Please use this identifier to cite or link to this item: https://hdl.handle.net/10356/149106
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dc.contributor.authorHo, Nurulainen_US
dc.contributor.authorYap, Wei Shengen_US
dc.contributor.authorXu, Jiamingen_US
dc.contributor.authorWu, Haoxien_US
dc.contributor.authorKoh, Jhee Hongen_US
dc.contributor.authorGoh, Wilson Wen Binen_US
dc.contributor.authorGeorge, Bhawanaen_US
dc.contributor.authorChong, Shu Chenen_US
dc.contributor.authorTaubert, Stefanen_US
dc.contributor.authorThibault, Guillaumeen_US
dc.date.accessioned2021-05-24T01:43:24Z-
dc.date.available2021-05-24T01:43:24Z-
dc.date.issued2020-
dc.identifier.citationHo, N., Yap, W. S., Xu, J., Wu, H., Koh, J. H., Goh, W. W. B., George, B., Chong, S. C., Taubert, S. & Thibault, G. (2020). Stress sensor Ire1 deploys a divergent transcriptional program in response to lipid bilayer stress. Journal of Cell Biology, 219(7). https://dx.doi.org/10.1083/jcb.201909165en_US
dc.identifier.issn0021-9525en_US
dc.identifier.urihttps://hdl.handle.net/10356/149106-
dc.description.abstractMembrane integrity at the endoplasmic reticulum (ER) is tightly regulated, and its disturbance is implicated in metabolic diseases. Using an engineered sensor that activates the unfolded protein response (UPR) exclusively when normal ER membrane lipid composition is compromised, we identified pathways beyond lipid metabolism that are necessary to maintain ER integrity in yeast and in C. elegans. To systematically validate yeast mutants that disrupt ER membrane homeostasis, we identified a lipid bilayer stress (LBS) sensor in the UPR transducer protein Ire1, located at the interface of the amphipathic and transmembrane helices. Furthermore, transcriptome and chromatin immunoprecipitation analyses pinpoint the UPR as a broad-spectrum compensatory response wherein LBS and proteotoxic stress deploy divergent transcriptional UPR programs. Together, these findings reveal the UPR program as the sum of two independent stress responses, an insight that could be exploited for future therapeutic intervention.en_US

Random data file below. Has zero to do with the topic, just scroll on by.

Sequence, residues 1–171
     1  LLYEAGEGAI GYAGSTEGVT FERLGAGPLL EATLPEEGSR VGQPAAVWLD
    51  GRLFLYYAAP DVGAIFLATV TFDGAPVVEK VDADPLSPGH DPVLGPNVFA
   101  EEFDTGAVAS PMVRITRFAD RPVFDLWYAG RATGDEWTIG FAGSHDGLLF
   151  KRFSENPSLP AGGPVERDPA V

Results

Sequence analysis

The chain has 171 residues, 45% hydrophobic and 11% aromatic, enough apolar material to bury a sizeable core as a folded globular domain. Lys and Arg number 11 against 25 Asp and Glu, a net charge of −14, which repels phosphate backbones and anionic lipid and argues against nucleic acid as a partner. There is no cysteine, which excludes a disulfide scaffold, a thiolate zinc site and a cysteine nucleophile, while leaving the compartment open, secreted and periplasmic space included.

dc.description.sponsorshipNanyang Technological Universityen_US
dc.description.sponsorshipNational Research Foundation (NRF)en_US
dc.language.isoenen_US
dc.relationNRF2018NRFNSFC003SB-006en_US
dc.relation.ispartofJournal of Cell Biologyen_US
dc.rights© 2020 Ho et al. This article is distributed under the terms of an Attribution–Noncommercial–Share Alike–No Mirror Sites license for the first six months after the publication date (see http://www.rupress.org/terms/). After six months it is available under a Creative Commons License (Attribution–Noncommercial–Share Alike 4.0 International license, as described at https://creativecommons.org/licenses/by-nc-sa/4.0/).en_US
dc.subjectScience::Biological sciencesen_US
dc.titleStress sensor Ire1 deploys a divergent transcriptional program in response to lipid bilayer stressen_US
dc.typeJournal Articleen
dc.contributor.schoolSchool of Biological Sciencesen_US
dc.contributor.organizationInstitute of Molecular and Cell Biology, A*STARen_US
dc.identifier.doi10.1083/jcb.201909165-
dc.description.versionPublished versionen_US
dc.identifier.pmid32349127-
dc.identifier.issue7en_US
dc.identifier.volume219en_US
dc.subject.keywordsGeneticsen_US
dc.subject.keywordsMembrane and Lipid Biologyen_US
dc.description.acknowledgementThis work was supported by the Nanyang Assistant Professorship program from Nanyang Technological University (G. Thibault), the National Research Foundation Singapore under its National Research Foundation of Singapore together with the National Natural Science Foundation of China (NRF-NSFC) joint research grant call (NRF2018NRFNSFC003SB-006 to G. Thibault), the Nanyang Technological University Research Scholarship to N. Ho and J.H. Koh (predoctoral fellowship), the Natural Sciences and Engineering Research Council of Canada Discovery grant (RGPIN-2018-05133 to S. Taubert), the Canadian Institutes of Health Research (PJT-153199), and British Columbia Children's Hospital Research Institute (BCCHR) Canucks for Kids Graduate and University of British Columbia (UBC) Affiliate Studentships to J. Xu. Some strains were provided by the Caenorhabditis Genetic Center, which is funded by the National Institutes of Health Office of Research Infrastructure Programs (P40 OD010440).en_US
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